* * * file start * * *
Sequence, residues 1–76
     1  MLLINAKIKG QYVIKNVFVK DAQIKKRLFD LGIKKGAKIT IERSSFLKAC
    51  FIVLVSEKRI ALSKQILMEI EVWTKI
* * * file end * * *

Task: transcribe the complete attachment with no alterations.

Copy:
Sequence, residues 1–76
     1  MLLINAKIKG QYVIKNVFVK DAQIKKRLFD LGIKKGAKIT IERSSFLKAC
    51  FIVLVSEKRI ALSKQILMEI EVWTKI